It was not very long ago that Ikea made headlines, all thanks to their meatballs getting dragged into the horsemeat scandal.
However, the practice of selling meatballs contaminated with traces of horse DNA pales in comparison to the news that roughly two tonnes of chocolate cakes marketed by Ikea were found to contain so-called coliform bacteria.
These cakes allegedly arrived in China back in January 2013, but it is just now that the news of their containing coliform bacteria is shared with the public.
For those unaware, these particular bacteria are most commonly found in the feces of warm-blooded animals, hence the outrage caused by their being found in Ikea's almond chocolate cakes.
The Local reports that these not-so-appealing deserts were imported from Sweden, and that the company intended to sell them in China.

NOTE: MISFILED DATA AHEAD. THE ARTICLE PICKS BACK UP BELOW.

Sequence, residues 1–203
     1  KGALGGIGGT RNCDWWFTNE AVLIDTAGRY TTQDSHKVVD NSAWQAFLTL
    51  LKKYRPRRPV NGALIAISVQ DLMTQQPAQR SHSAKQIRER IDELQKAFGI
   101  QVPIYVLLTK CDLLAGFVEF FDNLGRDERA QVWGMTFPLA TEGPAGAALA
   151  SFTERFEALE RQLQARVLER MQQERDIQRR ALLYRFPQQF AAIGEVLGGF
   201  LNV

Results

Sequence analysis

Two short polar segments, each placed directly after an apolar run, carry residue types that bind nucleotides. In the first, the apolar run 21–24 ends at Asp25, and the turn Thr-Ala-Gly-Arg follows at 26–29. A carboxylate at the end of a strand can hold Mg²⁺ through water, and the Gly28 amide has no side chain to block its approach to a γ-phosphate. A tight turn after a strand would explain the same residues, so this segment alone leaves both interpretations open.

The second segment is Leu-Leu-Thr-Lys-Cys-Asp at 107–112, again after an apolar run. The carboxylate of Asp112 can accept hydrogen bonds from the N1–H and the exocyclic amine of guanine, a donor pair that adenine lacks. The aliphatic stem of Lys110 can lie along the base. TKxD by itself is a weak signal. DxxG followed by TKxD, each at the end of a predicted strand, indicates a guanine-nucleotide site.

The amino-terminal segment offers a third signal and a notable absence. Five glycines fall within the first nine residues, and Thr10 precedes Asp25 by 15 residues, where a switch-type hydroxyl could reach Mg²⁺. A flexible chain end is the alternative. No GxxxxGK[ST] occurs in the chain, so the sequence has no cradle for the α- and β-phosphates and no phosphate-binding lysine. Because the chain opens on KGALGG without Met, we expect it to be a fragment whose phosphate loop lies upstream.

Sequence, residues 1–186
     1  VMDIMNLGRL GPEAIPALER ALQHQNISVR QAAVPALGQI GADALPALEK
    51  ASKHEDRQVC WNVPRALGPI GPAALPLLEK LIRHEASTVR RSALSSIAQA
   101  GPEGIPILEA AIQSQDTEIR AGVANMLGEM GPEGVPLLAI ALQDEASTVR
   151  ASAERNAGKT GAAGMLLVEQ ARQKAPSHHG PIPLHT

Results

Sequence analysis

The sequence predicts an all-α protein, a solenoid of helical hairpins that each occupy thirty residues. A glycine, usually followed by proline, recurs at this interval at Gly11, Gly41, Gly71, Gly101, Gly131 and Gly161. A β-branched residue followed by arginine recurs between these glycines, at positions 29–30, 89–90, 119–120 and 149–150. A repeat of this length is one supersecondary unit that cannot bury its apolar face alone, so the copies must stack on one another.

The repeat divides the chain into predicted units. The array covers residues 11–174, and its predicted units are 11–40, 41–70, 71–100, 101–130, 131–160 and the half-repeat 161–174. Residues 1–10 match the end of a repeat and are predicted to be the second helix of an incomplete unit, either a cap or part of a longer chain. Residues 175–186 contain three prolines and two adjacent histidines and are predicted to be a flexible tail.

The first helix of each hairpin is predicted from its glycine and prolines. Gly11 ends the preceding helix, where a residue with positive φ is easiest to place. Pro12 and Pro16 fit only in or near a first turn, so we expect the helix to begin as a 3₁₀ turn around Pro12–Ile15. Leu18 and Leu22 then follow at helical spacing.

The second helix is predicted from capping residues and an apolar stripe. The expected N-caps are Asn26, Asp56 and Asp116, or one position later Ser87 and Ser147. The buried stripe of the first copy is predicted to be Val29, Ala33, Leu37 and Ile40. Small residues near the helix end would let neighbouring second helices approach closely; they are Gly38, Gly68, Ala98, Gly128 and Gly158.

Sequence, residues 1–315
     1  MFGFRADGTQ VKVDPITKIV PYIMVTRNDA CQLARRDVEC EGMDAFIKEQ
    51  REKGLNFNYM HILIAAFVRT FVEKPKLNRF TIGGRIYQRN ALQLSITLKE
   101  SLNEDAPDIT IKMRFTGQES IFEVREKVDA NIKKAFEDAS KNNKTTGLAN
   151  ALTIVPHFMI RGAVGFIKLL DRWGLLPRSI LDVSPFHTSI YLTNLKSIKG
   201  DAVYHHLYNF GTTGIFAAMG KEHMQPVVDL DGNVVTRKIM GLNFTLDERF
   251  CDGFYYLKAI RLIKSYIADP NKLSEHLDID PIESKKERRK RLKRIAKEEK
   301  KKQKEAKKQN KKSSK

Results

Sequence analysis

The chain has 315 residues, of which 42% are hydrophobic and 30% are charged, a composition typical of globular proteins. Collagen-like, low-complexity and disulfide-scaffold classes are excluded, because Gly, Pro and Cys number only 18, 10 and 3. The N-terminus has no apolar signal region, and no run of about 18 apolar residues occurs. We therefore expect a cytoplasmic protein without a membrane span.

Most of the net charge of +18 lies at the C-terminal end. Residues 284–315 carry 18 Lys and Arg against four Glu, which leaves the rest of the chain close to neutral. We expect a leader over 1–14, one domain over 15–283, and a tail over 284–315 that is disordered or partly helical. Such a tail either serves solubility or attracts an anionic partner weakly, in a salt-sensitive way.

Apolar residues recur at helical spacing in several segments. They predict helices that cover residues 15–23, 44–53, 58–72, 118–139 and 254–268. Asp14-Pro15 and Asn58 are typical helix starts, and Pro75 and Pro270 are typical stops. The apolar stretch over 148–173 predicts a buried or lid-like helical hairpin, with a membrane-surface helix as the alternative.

However, said country's health authorities saw fit to confiscate the cakes and later on destroy them, their goal being that of keeping the public from buying and consuming them.
Information made available to the general public says that, all in all, Chinese health authorities were left with no choice except to get rid of 1.87 tonnes of such almond chocolate cakes, all of which could have been contaminated with the coliform bacteria.
The same source informs us that, while speaking to members of the press, a spokesperson for Ikea wished to stress the fact that the company is now busy trying to collect more information concerning this incident, seeing how customer safety and satisfaction are their top priorities.
“We buy chocolate from one supplier. That it's of high quality, that checks are carried out in all warehouses, and that rules are followed are obviously all important questions,” the spokesperson stated.
Furthermore, “It's important that products that might contain bacteria don't make it to customers,” she said. The safety of our products is our highest priority.”
A total of 246 other products failed to meet the standards set in place by Chinese sanitation inspections.